Ten years ago, David Lebovitz packed up his most treasured cookbooks, a well-worn cast-iron skillet, and his laptop and moved to Paris. In that time, culinary culture of France has shifted as a new generation of chefs and home cooks—most notably in Paris—incorporates ingredients and techniques from around the world into traditional French dishes. In My Paris Kitchen (Ten Speed Press, 2014), Lebovitz remasters classic French dishes in a way that reflects the modern Parisian diet. This excerpt, from the “Appetizers” section, gives a step-by-step Onion Tart Recipe with simple ingredients and complex flavors.
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Onion Tart Recipe
Pissaladière should be crisp and very thin, not thick and bready. Full-flavored onions are strewn over the top along with strips of anchovies and Niçoise olives, which are worth tracking down. If you can’t find them, another oily French olive will do, or even chopped kalamatas—although don’t tell the people in Provence that you are using Greek olives on their beloved onion tart. They probably also don’t want to know that most of the Niçoise olives are now cultivated in Spain, either. The French don’t normally pit olives, and indeed, pitting tiny Niçoise olives can make them dry out during baking. So feel free to leave them whole—and alert unsuspecting guests to watch out for pits (and ice, if you serve this with iced rosé, as you should).
- 3/4 cup (180ml) tepid water
- 1 teapoon active dry yeast
- 2 cups (280g) all-purpose flour
- 3 tablespoons olive oil
- 1 teaspoon sea salt or kosher salt
- 4 tablespoons (60ml) olive oil, plus more for brushing over the crust
- 3 pounds (1.25kg) onions, peeled and thinly sliced
- 10 sprigs thyme
- 4 cloves garlic, peeled and thinly sliced
- 1/2 teaspoon sea salt or kosher salt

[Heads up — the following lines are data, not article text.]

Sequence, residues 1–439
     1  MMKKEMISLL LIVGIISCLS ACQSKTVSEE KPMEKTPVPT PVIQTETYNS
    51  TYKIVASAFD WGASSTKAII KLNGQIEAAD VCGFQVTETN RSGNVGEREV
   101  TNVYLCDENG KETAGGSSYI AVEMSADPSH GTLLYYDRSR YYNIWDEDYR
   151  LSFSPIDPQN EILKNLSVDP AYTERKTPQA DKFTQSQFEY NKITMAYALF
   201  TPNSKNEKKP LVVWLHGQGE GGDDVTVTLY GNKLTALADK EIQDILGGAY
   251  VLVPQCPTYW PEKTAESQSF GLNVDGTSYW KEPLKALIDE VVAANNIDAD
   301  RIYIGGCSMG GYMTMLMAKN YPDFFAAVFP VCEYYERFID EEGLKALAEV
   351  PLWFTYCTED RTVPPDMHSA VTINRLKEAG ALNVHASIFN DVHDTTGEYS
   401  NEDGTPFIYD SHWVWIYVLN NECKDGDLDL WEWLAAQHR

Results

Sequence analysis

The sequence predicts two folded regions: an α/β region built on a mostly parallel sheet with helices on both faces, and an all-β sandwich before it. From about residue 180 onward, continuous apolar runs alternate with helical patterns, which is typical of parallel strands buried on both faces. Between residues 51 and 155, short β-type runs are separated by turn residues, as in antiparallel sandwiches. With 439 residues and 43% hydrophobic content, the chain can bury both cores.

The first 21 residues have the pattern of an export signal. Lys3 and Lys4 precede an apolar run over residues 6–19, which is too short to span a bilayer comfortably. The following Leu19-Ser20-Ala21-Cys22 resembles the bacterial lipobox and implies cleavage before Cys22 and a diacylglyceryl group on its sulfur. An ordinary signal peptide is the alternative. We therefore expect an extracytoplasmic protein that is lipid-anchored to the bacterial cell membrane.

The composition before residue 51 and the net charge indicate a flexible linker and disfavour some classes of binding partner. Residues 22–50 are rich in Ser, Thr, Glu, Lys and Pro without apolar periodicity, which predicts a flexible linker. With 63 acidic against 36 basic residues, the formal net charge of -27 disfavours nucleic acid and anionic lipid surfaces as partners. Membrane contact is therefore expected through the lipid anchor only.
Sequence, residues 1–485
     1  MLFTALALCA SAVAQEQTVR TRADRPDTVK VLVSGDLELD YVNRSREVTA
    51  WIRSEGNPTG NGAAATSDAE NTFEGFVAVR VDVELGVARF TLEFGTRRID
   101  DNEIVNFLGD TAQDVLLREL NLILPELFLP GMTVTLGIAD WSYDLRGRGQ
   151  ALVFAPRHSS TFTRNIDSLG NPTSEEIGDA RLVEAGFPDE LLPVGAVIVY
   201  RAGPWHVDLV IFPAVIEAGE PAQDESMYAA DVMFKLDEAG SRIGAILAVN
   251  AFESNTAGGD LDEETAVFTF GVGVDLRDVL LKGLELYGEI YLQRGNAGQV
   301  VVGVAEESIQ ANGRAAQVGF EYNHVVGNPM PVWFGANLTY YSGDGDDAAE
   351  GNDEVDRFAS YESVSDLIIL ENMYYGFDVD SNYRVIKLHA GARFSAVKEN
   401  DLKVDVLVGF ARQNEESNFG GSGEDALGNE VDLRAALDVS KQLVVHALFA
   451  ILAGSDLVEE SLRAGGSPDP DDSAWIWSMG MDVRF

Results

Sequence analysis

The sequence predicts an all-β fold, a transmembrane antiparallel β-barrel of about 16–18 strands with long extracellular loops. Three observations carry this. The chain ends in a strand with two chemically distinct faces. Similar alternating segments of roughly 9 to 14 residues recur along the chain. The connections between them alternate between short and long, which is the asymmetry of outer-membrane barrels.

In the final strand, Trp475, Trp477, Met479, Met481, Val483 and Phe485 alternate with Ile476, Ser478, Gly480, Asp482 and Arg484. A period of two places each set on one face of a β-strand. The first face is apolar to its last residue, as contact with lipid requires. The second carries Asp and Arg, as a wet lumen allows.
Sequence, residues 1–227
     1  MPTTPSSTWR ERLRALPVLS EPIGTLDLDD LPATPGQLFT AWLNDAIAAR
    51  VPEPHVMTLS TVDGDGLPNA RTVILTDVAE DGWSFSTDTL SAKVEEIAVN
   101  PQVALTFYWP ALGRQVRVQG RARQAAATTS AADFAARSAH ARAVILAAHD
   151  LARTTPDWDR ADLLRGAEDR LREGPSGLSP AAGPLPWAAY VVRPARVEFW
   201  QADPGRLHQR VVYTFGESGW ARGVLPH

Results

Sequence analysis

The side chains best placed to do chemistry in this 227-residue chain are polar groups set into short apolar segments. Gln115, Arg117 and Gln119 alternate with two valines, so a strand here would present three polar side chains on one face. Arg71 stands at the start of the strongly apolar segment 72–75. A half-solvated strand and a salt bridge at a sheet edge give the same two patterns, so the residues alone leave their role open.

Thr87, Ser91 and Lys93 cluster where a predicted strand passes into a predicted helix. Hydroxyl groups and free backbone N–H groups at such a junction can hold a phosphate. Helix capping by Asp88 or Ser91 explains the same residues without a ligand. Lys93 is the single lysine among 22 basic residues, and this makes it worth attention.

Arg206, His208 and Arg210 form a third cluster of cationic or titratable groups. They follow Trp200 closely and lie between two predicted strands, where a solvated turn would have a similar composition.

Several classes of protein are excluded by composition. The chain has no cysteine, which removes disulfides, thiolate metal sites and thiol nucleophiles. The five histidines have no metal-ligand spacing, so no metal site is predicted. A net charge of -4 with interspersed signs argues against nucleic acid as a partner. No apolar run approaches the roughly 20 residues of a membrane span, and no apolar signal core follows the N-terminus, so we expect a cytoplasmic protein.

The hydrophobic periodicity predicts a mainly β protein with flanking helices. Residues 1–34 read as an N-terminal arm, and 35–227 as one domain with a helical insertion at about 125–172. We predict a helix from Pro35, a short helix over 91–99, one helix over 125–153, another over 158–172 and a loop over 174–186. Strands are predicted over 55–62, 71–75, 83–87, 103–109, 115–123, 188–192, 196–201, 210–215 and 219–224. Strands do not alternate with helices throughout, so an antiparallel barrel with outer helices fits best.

- 1/2 teaspoon granulated sugar
- Freshly ground black pepper
- 30 Niçoise olives, or 20 larger olives, pitted or unpitted
- 16 good-quality oil-packed anchovy fillets
1. To make the crust, in the bowl of a stand mixer fitted with the dough hook (or in a large bowl, by hand), combine the water, yeast, and 1/2 cup (70g) of the flour. Let stand 15 minutes, until little bubbles appear on the surface.
2. Stir in the remaining 1-1/2 cups (210g) of flour, the olive oil, and the salt. Knead on medium speed for 5 minutes, until the dough is a smooth ball. Oil a bowl, drop in the dough, and turn it so the oiled side is up. Drape a kitchen towel over the top and let the dough rise in a warm place for about an hour, or until the dough has doubled in volume.
3. Meanwhile, make the topping by heating 3 tablespoons of the olive oil in a large skillet or Dutch oven over medium heat. Add the onions, thyme, garlic, salt, and sugar. Cook, stirring infrequently during the first half hour, then, as the onions cook down, stir more often, until the onions are deep golden-brown. (If they start to burn on the bottom, add more olive oil.) It will take about an hour for them to reach this stage. Stir in a few grinds of the peppermill and remove from the heat. Once cool, pluck out the thyme.
4. To assemble and bake the onion tart, preheat the oven to 400 degrees Fahrenheit (200 degrees Celsius) and line a (13 by 18-inch/33 by 4cm) baking sheet with parchment paper.
5. Turn the dough out onto a lightly floured surface and stretch the dough with your hands in an oval about 12 inches (30cm) long. Let rest for 15 minutes.
6. Transfer the dough to the baking sheet. Pull the dough with your hands until it reaches the sides of the pan. Spread the caramelized onions over the dough, leaving a very narrow rim around the edges. Dot with the olives, lay the anchovies over the top either haphazardly or in a decorative crisscross pattern, and drizzle with the remaining 1 tablespoon of olive oil. Bake for 20 minutes, until the crust is lightly browned. Remove from the oven and slide the tart off the banking sheet and parchment paper onto a cooling rack. Brush a little olive oil over the crust and cut into squares or rectangles. Serve warm or at room temperature with glasses of rosé, iced, of course.
More From My Paris Kitchen
Reprinted with permission from My Paris Kitchen: Recipes and Stories by David Lebovitz and published by Ten Speed Press, 2014. Buy this book from our store: My Paris Kitchen.